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Vocational training for inmates aims to help them re-integrate

Jun 15. 2018
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A NEW PROJECT hopes to eventually prepare 37,000 inmates to better reintegrate into society after being released from jails.

Related Thai agencies have cooperated to create a vocational training project enabling well-behaved inmates to serve as daily workers at factories and earn Bt325 a day. 

Two Cabinet ministers yesterday morning visited Greatwall (1988) Co Ltd in Pathum Thani province to show moral support to the 21 inmates working there as welders, rubber-tile layers and door assemblers for a daily wage.

The inmates – escorted by two wardens – work from Monday to Saturday from 8am to 5pm and are provided with rides to and from the work site, along with a lunch meal from the prison. The project is a collaboration between the Department of Corrections, the Department of Employment, the Department of Skills Development, the Federation of Thai Industries and the Thai Chamber of Commerce, said ACM Prajin Juntong, the deputy prime minister and justice minister, who toured the site.

Labour Minister Pol General Adul Sangsingkeo also joined the tour and explained that the project aimed to help 37,000 inmates and comprised two phases.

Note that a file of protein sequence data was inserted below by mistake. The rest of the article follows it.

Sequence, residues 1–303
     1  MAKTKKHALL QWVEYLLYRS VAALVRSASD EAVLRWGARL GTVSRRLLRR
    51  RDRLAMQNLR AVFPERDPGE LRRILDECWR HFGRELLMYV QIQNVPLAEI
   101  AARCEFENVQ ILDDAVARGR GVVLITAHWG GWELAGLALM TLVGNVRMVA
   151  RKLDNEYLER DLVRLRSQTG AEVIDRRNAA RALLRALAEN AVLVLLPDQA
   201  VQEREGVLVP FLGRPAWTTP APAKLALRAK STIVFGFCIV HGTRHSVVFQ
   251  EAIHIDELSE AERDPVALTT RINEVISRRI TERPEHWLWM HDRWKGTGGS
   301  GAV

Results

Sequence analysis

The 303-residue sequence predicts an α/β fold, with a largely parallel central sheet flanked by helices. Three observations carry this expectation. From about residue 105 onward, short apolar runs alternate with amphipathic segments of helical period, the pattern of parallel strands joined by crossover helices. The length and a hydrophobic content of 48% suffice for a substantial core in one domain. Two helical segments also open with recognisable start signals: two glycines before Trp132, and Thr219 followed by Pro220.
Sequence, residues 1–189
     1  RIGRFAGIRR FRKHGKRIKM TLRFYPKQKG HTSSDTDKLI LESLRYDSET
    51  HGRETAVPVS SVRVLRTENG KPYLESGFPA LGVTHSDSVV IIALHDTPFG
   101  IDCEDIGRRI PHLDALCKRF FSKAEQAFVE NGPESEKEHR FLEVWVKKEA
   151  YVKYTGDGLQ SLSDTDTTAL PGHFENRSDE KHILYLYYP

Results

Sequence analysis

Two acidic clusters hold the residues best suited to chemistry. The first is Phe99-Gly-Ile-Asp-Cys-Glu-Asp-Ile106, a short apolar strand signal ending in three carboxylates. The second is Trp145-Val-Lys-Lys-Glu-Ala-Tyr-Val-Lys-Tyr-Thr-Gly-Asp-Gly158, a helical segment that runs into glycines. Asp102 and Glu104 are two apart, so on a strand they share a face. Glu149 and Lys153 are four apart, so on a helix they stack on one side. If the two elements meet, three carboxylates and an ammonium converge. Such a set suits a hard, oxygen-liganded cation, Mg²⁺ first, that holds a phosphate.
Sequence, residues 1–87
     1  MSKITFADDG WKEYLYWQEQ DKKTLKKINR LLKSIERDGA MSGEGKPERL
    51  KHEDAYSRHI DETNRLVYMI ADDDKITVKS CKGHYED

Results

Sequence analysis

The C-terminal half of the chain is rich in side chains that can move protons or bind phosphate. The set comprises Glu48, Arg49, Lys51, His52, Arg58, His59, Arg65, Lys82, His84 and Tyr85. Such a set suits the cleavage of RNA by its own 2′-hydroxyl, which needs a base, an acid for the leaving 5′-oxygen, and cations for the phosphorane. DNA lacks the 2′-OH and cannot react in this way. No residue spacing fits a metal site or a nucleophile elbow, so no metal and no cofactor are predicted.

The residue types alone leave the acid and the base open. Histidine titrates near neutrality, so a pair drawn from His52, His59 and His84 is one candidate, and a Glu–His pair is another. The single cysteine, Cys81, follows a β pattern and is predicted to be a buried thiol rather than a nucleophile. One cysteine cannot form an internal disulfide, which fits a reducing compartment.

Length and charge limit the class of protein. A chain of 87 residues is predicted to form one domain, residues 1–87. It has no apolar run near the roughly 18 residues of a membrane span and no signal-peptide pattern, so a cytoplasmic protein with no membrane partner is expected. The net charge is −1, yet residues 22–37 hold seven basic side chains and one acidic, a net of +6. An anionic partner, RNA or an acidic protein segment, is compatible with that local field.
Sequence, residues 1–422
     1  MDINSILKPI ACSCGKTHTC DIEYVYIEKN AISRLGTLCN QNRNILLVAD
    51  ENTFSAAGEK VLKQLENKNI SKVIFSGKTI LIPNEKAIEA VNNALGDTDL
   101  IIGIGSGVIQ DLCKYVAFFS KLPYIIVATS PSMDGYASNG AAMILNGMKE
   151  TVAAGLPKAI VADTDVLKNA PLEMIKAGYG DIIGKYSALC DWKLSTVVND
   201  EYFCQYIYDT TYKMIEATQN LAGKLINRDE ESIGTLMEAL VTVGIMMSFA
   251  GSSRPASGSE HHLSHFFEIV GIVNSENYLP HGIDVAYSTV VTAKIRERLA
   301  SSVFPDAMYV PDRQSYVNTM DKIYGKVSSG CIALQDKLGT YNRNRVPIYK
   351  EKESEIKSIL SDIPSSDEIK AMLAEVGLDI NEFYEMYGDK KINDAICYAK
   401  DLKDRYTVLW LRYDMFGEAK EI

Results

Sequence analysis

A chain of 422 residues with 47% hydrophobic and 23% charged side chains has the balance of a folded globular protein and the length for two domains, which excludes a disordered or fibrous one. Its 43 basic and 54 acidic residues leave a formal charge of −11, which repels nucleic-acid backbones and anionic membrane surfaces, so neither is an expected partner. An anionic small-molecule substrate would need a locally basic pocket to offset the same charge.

The first phase has so far seen 24,562 inmates out of the target of 27,000 inmates undergo training and go to work. 

A total of 18,793 have been trained in making handicrafts and have produced such pieces from inside the prisons, while another 1,266 good-behaviour inmates with less than a year to serve have been working in business establishments. Another 4,503 were trained in prison for vocational skills, including tile-laying and electrical appliance repair. 

The second phase was divided into two groups – those attending an inmate preparation course before release and those already out and working at jobs.

The first group has so far involved 10,535 inmates, above the target of 10,000. A total of 7,211 inmates have undergone vocational counselling, observed the independent career demonstration and registered for the employment matching service, while another 3,324 inmates have taken vocational skill tests.

The second group has seen 394 ex-convicts get jobs at companies and another 71 ex-convicts working at freelance jobs such as mushroom farming or welding.

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